The Cannons House Lobby and Façade refurbishment reinterprets and redefines a 1980s speculative office building into a contemporary participant in the urban conversation of the Flinders Lane precinct. As a regenerative project, the proposal introduces a new entry experience, reclads the existing concrete structure, remediates the existing car park entry and creates new bicycle parking facilities.
The striking foyer renovation explores the illusion of a monumental space larger than its physical size, emphasising the importance of the arrival experience, its contextual relationship and spatial environment.
The existing entry doors and glass foyer were removed to reveal a double height space and allow for the proposed entry to be setback to create a public forecourt. The lower façade and existing columns from the original building were reclad in polished granite tiles to reference the materiality of Harry Seidler’s Shell House across the street.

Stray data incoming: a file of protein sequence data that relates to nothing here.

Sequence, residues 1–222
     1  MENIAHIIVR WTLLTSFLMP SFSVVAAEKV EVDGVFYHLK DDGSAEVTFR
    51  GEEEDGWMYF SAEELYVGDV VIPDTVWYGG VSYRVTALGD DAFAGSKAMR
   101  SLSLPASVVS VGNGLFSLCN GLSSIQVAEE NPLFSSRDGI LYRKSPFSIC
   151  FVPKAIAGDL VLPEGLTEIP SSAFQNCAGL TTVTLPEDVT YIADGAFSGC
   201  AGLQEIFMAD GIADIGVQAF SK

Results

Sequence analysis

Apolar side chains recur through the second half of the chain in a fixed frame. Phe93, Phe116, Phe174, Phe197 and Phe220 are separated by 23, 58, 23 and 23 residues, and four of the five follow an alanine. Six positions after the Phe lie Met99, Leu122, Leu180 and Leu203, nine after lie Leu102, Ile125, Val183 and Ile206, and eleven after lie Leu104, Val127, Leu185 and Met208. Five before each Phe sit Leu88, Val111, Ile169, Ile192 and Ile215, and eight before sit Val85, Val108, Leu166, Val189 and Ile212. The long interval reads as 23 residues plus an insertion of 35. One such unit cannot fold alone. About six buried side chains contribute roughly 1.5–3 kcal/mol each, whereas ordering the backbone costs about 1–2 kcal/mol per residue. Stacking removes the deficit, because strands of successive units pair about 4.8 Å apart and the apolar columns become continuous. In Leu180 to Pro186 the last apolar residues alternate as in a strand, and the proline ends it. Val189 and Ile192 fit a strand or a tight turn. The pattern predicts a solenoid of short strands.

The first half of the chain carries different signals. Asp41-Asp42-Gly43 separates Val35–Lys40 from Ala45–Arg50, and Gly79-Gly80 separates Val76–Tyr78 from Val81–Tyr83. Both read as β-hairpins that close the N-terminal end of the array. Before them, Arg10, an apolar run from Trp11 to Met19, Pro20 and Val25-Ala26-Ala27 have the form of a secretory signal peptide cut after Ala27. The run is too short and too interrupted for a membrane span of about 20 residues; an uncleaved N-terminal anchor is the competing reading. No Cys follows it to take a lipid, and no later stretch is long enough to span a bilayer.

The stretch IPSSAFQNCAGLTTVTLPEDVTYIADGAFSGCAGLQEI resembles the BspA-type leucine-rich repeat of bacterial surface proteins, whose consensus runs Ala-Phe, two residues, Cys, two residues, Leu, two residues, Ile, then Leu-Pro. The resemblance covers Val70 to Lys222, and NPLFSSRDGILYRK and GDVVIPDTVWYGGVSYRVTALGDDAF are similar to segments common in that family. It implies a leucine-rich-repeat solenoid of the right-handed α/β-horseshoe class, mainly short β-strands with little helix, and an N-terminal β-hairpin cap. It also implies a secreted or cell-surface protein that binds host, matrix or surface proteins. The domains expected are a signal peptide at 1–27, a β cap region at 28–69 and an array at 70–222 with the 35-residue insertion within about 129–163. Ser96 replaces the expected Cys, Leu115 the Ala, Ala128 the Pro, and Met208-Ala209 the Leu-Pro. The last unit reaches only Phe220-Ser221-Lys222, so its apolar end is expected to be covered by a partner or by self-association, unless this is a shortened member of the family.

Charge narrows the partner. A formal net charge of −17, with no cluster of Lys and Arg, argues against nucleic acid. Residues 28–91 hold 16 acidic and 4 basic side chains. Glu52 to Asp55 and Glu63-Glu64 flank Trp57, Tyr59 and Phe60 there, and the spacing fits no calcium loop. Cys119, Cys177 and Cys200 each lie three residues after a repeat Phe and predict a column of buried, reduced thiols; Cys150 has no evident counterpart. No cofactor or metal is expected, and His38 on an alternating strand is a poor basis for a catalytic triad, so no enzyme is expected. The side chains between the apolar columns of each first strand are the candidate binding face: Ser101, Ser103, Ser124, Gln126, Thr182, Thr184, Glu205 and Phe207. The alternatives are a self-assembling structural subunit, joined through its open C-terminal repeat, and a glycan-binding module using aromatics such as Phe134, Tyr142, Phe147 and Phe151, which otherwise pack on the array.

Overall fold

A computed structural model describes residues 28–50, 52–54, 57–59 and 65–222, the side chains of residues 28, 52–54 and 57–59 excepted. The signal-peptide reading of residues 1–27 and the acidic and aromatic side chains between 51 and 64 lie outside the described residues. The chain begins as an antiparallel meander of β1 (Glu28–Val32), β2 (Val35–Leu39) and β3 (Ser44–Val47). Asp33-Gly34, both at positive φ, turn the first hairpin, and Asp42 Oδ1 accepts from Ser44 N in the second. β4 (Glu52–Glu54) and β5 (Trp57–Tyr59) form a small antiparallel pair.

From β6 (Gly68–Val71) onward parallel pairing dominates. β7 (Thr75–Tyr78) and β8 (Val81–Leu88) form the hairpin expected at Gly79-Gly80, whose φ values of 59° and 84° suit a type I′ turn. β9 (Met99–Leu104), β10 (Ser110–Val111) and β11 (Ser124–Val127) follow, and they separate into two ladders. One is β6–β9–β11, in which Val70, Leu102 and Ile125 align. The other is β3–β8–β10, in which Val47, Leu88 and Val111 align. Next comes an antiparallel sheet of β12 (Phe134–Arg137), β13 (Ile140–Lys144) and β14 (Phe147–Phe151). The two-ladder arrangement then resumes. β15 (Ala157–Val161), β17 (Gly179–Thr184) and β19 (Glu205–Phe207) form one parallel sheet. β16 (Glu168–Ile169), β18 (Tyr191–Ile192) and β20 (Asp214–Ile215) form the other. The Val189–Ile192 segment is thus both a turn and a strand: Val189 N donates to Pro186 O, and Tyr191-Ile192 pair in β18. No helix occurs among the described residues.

We chose to wrap the façade in bronze stainless steel and mirrored cladding for the same reason: in this way the building reflects and interacts with its neighbours and the unique urban condition of Flinders Lane.
“We didn’t want the facade to appear static. With the brass it continually changes throughout the day, depending on the direction of the sun. We considered this project as an opportunity to strengthen an important streetscape and respond to its history,”
— Astrid Jenkin, Director and project lead.
The extended granite bench with dark leather feature cushions and bronze mirror is also a reference to the ‘Paris-end’ retail stores in the parallel Collins Street.
The lobby interior attempts to create the illusion of a larger, more sumptuous experience, defying the constraints of its physical size.
The use of a selective material palette – planes of bronze mirror, aerated aluminium, illuminated ceiling and granite tiling – are employed to support these ambitions. It channels a nostalgic view of the 1960’s and 1970’s science fiction movies particularly scenes from ‘2001: A Space Odyssey’. The idea was to create an experience that is phenomenologically grander than the actual physical size.